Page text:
…I wish I were a coconut,
People shout that is absurd,
I wish I were a coconut,
And that’s my final word.
By Jacob T Blow
The actual origin of this palm is in question, some say the Coconut Palm is from the Ganges Delta region while others insist it is from northwestern South America. Regardless this is one of the most useful plants to man of all time, with every part being useful in some way! The Indonesians says “There is a different use for coconuts for every day of the year.” In Sanskrit the Coconut is called kalpa vriksha, which means “tree which gives all that is necessary for living.”
The Coconut in herbal medicine can be employed by using the pressed juice of the root for dysentery (bloody diarrhea). In the Philippines the fruits are processed into oil or milk and used for its refrigerant, aperient, diuretic, anthelmintic, and purgative properties. The roots are used for coughs due to its astringency.
In the Solomon Islands the water from a young nut is fed to infants with diarrhea, and in emergencies, used intravenously as a saline drip substitute. The young leaves are chewed to a paste and applied to cuts to act as a styptic (stop bleeding). During WWII the coconut water was given intravenously as a substitute for blood plasma when none was available, saving many a life!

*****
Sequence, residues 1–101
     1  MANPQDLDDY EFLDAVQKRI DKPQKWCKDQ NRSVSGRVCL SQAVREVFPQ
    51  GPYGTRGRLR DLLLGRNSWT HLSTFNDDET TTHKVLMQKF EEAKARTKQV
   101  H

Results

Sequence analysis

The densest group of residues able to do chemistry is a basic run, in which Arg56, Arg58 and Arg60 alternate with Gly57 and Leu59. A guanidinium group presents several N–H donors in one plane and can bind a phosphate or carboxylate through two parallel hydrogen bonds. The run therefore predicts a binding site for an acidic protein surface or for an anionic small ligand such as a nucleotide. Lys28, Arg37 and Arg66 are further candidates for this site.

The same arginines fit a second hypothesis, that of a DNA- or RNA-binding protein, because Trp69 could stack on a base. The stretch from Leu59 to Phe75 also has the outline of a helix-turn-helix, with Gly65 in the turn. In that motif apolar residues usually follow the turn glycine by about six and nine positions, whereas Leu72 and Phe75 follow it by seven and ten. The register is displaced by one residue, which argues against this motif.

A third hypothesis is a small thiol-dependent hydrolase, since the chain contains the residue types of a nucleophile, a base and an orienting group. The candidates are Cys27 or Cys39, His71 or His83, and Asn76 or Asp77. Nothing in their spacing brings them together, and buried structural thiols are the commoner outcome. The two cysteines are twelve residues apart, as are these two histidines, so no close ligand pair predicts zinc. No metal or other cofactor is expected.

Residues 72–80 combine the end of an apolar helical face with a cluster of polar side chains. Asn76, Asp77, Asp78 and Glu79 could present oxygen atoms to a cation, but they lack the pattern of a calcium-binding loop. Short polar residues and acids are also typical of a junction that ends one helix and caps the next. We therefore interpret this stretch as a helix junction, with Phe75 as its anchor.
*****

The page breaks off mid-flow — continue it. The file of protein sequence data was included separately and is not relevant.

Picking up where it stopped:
As a food the water is sterile till the drupe is cracked, and therefore provides a clean source of water when all else is contaminated by natural disaster. The nut meat is often used, in grated form to make cookies, cakes, candies, even a form of egg nog popular in Puerto Rico. The coco leaves are used in the Philippines to wrap rice for cooking and storage.
Additional uses of the coconut and its parts are…..The charred husk is used as a black dye, and the coconut oil is used much like a mordant, deepening and setting colors. The male flowers were heated in coconut oil and used to perfume fabric, while the bark is used to scent body oil. Coconut oil with other botanicals added (Tahitian gardenia and/or ylang ylang) is used for massage and for hair treatments. The leaves are used in making mats, thatched roofs, and baskets. The uses of the various parts seem endless!